Jon Corzine, you have some explaining to do.
The former CEO of bankrupt broker MF Global is expected to be grilled during a Dec. 15 Capitol Hill hearing by a House subcommittee looking into “the decisions and events” leading up to the collapse of the firm last month.
Investigators probing the bankruptcy, the eighth-largest in US history, have discovered as much as $1.2 billion in customer cash missing from Corzine’s MF Global.
The embattled financier-turned-politician, who once headed Goldman Sachs, was invited yesterday by House Financial Services Oversight and Investigations Committee to explain the decision-making process behind wrong-way bets on $6.3 billion on toxic Europe sovereign debt.
An unknown portion of the missing $1.2 billion in customer cash belongs to small business people who had, in many circumstances, entrusted their life savings to Corzine’s firm — only to find their money frozen in a bankruptcy court maze.
“Jon Corzine should be ‘questioned’ from a jail cell,” Anthony Scano, a commodities trader, said on a Web site for burned MF customers.
When asked about Corzine’s whereabouts on CNBC earlier this week, Sen. Pat Roberts (R-Kan.), said, “I have no idea where Mr. Corzine is. He’s AWOL.”
Corzine’s spokesman, Steve Goldberg, declined to say whether Corzine would heed the invitation to testify.
Roberts’ parade of witnesses in the explosive probe also includes Gary Gensler, chairman of the Commodity Futures Trading Commission, who was former top aide to Corzine when they worked together at Goldman.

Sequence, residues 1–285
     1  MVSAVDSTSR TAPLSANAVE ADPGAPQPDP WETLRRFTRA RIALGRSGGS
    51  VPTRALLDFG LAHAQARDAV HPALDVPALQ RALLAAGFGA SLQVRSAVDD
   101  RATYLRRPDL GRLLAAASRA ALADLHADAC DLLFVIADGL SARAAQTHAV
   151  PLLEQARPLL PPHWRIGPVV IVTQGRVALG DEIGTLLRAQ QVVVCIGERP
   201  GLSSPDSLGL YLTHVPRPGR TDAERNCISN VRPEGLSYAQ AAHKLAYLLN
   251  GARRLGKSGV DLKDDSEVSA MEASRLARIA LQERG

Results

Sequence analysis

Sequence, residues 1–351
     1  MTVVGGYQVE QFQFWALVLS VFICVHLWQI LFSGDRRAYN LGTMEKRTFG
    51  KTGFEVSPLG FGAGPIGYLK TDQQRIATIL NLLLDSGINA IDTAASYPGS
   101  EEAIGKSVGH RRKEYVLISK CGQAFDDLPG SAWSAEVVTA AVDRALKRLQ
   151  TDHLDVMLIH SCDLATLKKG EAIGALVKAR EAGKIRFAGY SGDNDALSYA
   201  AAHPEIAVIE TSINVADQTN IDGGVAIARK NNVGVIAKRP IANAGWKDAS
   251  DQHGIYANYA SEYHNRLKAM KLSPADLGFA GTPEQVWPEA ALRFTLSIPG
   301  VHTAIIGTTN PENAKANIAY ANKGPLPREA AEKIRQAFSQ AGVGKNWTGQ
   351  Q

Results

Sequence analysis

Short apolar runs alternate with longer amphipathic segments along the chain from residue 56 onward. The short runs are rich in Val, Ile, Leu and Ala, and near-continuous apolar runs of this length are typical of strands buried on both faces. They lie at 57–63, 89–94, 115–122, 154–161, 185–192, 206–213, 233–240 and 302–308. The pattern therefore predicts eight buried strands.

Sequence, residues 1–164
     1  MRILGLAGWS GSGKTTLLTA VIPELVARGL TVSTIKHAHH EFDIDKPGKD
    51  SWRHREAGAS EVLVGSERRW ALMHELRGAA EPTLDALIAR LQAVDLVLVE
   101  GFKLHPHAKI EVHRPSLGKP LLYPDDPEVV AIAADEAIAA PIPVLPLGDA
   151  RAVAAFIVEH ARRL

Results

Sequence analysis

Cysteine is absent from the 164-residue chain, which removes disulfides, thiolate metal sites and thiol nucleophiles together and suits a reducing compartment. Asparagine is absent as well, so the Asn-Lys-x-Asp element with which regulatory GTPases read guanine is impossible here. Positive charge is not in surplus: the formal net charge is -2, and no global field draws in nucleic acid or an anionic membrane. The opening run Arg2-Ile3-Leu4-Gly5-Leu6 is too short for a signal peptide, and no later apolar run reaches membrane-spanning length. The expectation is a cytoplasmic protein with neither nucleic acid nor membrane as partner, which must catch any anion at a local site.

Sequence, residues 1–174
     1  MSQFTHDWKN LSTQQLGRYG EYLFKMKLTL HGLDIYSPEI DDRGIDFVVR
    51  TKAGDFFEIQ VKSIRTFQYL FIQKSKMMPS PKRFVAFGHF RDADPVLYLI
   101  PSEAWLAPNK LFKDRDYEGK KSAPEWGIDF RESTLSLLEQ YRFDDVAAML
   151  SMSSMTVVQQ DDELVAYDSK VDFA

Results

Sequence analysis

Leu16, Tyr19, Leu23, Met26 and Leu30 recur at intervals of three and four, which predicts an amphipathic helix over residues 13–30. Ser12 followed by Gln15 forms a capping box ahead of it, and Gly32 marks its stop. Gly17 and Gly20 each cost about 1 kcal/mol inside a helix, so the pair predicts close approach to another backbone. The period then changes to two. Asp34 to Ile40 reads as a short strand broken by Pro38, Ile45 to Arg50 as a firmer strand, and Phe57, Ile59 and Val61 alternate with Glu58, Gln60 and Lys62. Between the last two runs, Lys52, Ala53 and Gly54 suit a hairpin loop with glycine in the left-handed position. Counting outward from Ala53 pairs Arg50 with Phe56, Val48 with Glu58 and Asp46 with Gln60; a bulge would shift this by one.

Of late, Gensler has been the regulator in charge of transactions that could be involved in the MF Global debacle. He’s recused himself from his own agency’s current probe of the affair.
Corzine reportedly had lobbied his old pal at the CFTC in search of favorable treatment in MF affairs.
Corzine’s former chief of staff while Garden State governor, Bradley Abelow, also was summoned by the panel because Abelow was the chief operating officer of the firm at the time of its collapse.
Investigators also want testimony from another top regulator with oversight of the MF affair, Robert Cook, who heads the Securities and Exchange Commission’s key department of trading and markets.
At least two federal investigation are under way at FBI offices in New York and Chicago, and at the CFTC.
Investigators believe the missing cash apparently vanished after it was unlawfully used to cover MF’s failed bets on risky European gambles.
In one new hopeful sign yesterday, CME Group promised to boost its backup protection pot to $550 million from a previous $250 million by early December.
It will help victims recover up to 75 percent of their lost assets instead of the previous 60 percent estimated by a bankruptcy trustee.
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